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Visiting Info
Opening Hours:

Sunday to Thursday: ‬09:00-17:00

Fridays and Holiday eves: ‬09:00-14:00

Yad Vashem is closed on Saturdays and all Jewish Holidays.

Entrance to the Holocaust History Museum is not permitted for children under the age of 10. Babies in strollers or carriers will not be permitted to enter.

Drive to Yad Vashem:
For more Visiting Information click here

The History of the Ioannina Jewish Community

The Jewish community of Ioannina, one of the oldest Jewish communities in Greece, was the largest Jewish community where the Jews spoke Greek and not Ladino. This community expanded under both Ottoman and Greek rule. On the eve of World War II, the community numbered some 5,000 Jews. Most of the Jews in Ioannina were religious, and the community included Zionists, merchants, philanthropists, scholars, intellectuals and public activists.

Many of the city’s Jews emigrated immediately before the Holocaust, primarily to Eretz Israel (Mandatory Palestine) and the United States. The Jewish community was severely affected when the Nazi occupation began in September 1943, and thousands of Jews escaped to the south of Greece. In March 1944, the rest of the Jews in Ioannina, some two thousand people, were deported to Auschwitz-Birkenau. Nearly all of them were murdered. After the Holocaust only some 160 Jews returned to Ioannina.

This is the story of the Jewish community of Ioannina.

The market square in Ioannina, Greece, prewar

The Jewish Community of Ioannina before the Holocaust

Ioannina was the capital of the administrative region Epirus in northwestern Greece, and one of the country's oldest cities. The Jewish community comprised Romaniote Jews and was Greek-speaking – as opposed to the Jews of Thessaloniki and Larissa, who spoke Ladino. Legend has it that the first Jews settled in Ioannina as early as the reign of Alexander the Great in the fourth century BC, or after the destruction of the Second Temple in the first century AD. However, the first written sources documenting the presence of Jews in the city date back to the 14th century.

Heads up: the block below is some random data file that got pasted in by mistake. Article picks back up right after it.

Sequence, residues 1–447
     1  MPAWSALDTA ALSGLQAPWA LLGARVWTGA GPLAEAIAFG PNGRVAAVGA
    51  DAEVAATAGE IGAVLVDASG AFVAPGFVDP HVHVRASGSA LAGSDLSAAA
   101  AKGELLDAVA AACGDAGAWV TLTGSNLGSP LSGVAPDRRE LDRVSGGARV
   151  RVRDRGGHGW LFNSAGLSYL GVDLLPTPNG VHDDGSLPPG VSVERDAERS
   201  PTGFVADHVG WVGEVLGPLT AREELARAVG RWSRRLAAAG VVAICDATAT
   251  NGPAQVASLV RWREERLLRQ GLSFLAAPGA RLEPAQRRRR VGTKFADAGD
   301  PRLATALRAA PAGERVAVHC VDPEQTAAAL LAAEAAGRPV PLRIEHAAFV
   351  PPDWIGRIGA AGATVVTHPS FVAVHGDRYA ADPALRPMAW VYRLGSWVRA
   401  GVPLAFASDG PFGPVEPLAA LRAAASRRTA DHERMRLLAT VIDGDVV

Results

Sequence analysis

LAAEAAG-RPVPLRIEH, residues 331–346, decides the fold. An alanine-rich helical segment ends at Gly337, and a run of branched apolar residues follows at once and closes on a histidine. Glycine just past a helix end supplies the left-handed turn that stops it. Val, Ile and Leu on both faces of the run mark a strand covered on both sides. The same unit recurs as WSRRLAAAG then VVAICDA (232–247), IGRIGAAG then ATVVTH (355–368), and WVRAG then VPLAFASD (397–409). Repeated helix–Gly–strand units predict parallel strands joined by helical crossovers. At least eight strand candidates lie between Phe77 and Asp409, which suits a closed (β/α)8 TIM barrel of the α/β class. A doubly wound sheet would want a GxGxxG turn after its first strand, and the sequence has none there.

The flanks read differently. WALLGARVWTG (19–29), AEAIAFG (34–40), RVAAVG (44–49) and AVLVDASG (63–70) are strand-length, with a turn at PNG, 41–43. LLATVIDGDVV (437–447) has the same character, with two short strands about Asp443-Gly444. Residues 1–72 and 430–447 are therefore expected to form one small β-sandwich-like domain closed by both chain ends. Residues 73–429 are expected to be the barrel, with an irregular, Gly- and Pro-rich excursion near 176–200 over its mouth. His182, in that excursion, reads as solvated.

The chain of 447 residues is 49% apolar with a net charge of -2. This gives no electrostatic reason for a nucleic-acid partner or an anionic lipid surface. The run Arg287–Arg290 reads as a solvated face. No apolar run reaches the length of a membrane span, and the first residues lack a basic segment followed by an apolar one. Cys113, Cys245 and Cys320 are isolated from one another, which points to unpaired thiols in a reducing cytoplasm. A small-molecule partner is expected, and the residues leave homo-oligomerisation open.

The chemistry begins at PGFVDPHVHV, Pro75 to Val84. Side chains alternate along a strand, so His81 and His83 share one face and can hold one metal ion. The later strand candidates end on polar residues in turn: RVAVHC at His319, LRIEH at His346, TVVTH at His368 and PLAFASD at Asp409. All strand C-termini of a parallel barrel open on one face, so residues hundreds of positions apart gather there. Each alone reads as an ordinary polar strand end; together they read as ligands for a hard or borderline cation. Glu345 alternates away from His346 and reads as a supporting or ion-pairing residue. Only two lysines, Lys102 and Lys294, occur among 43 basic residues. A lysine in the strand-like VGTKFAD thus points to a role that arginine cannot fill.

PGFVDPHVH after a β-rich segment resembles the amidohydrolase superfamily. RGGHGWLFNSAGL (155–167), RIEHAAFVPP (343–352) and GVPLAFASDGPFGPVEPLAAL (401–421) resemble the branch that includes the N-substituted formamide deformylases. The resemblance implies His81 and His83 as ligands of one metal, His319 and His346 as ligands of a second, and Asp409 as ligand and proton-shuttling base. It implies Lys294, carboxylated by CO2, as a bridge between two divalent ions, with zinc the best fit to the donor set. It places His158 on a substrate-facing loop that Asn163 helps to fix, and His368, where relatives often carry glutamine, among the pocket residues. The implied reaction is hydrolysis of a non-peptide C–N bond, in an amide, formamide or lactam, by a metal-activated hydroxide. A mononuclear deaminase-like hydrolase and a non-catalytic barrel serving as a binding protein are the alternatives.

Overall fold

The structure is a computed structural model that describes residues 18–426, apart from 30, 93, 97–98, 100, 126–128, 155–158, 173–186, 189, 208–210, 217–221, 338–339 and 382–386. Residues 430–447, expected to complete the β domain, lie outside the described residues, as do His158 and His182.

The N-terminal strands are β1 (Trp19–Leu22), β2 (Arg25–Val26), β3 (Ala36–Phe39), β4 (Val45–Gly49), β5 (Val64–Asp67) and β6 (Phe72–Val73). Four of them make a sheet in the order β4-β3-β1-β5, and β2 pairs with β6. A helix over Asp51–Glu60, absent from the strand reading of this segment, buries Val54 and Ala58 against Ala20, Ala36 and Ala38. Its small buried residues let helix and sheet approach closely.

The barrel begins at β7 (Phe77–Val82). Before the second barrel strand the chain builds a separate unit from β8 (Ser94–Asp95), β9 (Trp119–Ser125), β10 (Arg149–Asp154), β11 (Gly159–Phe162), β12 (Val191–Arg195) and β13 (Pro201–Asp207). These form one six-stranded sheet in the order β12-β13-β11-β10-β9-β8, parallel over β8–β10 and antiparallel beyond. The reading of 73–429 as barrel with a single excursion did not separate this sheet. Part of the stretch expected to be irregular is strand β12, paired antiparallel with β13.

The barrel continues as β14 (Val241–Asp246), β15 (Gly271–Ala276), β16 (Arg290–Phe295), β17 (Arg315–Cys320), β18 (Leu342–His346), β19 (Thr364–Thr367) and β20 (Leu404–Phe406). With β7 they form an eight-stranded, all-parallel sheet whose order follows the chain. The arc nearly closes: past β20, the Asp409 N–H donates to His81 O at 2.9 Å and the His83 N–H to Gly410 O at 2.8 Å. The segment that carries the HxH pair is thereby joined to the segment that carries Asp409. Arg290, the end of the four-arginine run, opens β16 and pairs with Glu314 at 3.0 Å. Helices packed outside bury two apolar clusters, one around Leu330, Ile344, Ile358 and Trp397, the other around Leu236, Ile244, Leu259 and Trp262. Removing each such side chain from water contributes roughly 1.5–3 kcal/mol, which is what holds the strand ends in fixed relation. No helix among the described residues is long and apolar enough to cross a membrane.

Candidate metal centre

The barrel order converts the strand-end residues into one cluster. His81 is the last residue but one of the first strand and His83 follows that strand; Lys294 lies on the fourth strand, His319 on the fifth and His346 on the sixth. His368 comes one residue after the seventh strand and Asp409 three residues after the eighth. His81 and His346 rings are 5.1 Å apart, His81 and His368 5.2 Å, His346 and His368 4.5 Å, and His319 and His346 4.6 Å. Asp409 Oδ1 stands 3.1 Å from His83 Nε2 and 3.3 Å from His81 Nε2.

The Salomoni extended family in June 1943, prior to the deportation of Ioannina's Jews to the extermination camps.

The Italian Occupation of Ioannina during World War II

In October 1940, on the eve of the war between Greece and Italy, Jews from Ioannina were recruited into the Greek Army. The Jewish recruits from Ioannina were among the first Greek soldiers on the Albanian front, which had been taken by Italy a year and a half earlier. Five Jews from Ioannina were killed in action, and many others were wounded. A number of Jewish soldiers from Ioannina reached high-ranking positions in the Greek Army.
Jews of Ioannina during the Holocaust: Occupation, Deportation and Destruction of the Community

Jews of Ioannina during the Holocaust: Occupation, Deportation and Destruction of the Community

On 8 September 1943, Italy surrendered to the Allies and control of Ioannina passed into German hands. On 22 September General Jürgen Stroop, the commander of the SS division that had suppressed the Warsaw Ghetto Uprising, was appointed Head of the Greek police. Jews were ordered to register or face execution. A curfew was declared in Ioannina between 5:00 PM and 7:00 AM each day, and Jews were forced to provide the Germans with food and equipment.